15 steps to fundraising a new VC or private equity fund

15 steps to fundraising a new VC or private equity fund

Easy to turn on; Fundraising is more difficult. I have been fortunate to be a partner in two separate VC companies in the last nine years and we have doubled AUM 10x. Based on my experience, taking the following 15 steps will help in the formation of high-performing fundraising and the core structure of investor relations functions.

15-steps-to-fundraising-a-new-VC-or-private-equity-fund
15 steps to fundraising a new VC or private equity fund

1. Build the firm as much as possible before soliciting LPs: The more baked you are, the more investable it is. The best possible way is to invest and warehousing vehicles for some specific purpose according to your strategy. However, this may deter you from the larger goal of raising funds, not just a special purpose vehicle. The next best step is to build your core team, e.g., hire an advisory board, enterprising partners and EIRs recruit finally, and gather feedback. “Before pitching the LP and building my firm, I talked to more than 50 people I knew,” said Yohei Nakajima, founder of Untaped.vc. 

2. Set up a basic marketing toolkit: Deck, website and social media: Developing a detailed, data-backed deck and ideally a video pitch is virtually mandatory. Your materials need to meet the expectations of the Institutional Limited Partners Association, even if you have not noticed the organizations. Keep these documents up-to-date uninterrupted, so all team members are grouped into the original numbers, e.g. If you do not adjust, you will find yourself unprofessional. Invests on almost no deck basis; they want to talk to people however; a high-credibility deck opens the door to a meeting where you have the opportunity to sell yourself.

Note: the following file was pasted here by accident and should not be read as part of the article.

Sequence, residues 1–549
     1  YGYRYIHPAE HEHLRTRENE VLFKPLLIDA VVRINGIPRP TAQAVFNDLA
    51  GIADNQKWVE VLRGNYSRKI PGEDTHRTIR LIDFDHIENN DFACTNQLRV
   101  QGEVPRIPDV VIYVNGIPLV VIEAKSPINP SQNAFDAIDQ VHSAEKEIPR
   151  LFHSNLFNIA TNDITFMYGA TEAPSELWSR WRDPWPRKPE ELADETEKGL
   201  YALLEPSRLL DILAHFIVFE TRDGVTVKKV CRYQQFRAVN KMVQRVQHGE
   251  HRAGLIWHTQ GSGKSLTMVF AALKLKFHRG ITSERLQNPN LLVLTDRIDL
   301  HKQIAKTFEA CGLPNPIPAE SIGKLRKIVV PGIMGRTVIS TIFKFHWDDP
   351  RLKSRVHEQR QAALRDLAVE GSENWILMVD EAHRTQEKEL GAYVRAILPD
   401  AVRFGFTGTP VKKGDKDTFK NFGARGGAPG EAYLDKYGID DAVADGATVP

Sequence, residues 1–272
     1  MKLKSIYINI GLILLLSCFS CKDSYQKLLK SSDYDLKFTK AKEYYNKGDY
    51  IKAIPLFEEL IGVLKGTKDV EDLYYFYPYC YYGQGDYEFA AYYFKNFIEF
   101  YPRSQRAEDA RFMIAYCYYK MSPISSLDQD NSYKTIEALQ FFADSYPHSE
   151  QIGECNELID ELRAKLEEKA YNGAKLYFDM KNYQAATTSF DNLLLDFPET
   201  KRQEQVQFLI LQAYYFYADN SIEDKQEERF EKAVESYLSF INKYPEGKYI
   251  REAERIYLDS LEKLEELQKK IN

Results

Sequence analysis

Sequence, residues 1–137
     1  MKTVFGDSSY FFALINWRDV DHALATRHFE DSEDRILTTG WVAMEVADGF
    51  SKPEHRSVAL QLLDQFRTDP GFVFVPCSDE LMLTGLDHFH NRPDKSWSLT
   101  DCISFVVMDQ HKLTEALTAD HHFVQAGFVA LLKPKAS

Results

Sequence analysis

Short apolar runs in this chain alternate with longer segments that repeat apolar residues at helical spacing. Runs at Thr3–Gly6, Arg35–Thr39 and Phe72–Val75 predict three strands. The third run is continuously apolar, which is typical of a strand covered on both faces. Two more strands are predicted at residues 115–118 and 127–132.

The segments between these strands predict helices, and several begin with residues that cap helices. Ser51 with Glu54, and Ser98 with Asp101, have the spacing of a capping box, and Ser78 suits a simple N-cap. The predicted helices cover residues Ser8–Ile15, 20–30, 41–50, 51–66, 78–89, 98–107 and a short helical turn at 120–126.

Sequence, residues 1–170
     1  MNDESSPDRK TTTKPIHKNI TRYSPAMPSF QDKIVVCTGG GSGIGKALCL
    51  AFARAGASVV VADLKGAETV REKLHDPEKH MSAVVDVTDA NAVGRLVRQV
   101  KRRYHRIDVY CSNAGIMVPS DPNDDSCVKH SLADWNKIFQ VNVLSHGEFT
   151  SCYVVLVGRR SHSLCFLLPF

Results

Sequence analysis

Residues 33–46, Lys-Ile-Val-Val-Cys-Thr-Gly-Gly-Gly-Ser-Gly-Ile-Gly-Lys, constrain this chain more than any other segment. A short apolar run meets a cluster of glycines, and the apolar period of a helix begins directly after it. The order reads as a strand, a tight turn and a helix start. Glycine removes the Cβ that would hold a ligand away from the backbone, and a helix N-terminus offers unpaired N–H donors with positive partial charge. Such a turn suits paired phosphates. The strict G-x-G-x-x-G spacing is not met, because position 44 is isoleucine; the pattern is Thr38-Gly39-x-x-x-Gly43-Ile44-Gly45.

Note that limited partners view formatting as a proxy for professionalism. It is advisable for any graphic designer to invest a little money to design a consistent website, business card, logo and presentation template. Richard Dukas, CEO of Dukas Linden Public Relations, said, “If you don’t have a website and no content presence online, you probably won’t be able to overcome the first hurdle with potential investors.”

 When you are raising funds, you are selling a luxury well. The less extensive your marketing is, the more valuable it will be. For example, an LP told me that he prefers to receive customized emails from the principal of the fund, as opposed to bulk-mail quarterly updates. The ultimate example of this is enterprising capitalists who are not concerned with any website, e.g., benchmarks and the capital of success. These are the equivalent of a nightclub with a marked door, but other investors need to build their social media tech stack.

3. Make your online profile data-driven and internally consistent: All team members must have at least a consistent and professional profile on LinkedIn and usually on Twitter, Facebook and / or the platforms you use. Specifically, highlight the metrics by which you measured your past activity: size of departure, number of people you managed, budget for which you were responsible, etc.

4. Set up a data room with a completed due diligence questionnaire: Among the most important information to include: information on the history of returns, legal documents, fund organization charts, portfolio construction models, one-pager of portfolio companies, key employee resumes and case studies of past investments. We are using Digify to handle this.

5. Prepare FAQs for prospective LPs: You inevitably have potential LP. Get wide appreciation of one-off questions from be sure to compile all your answers into a single document so you can reuse and refine these answers.

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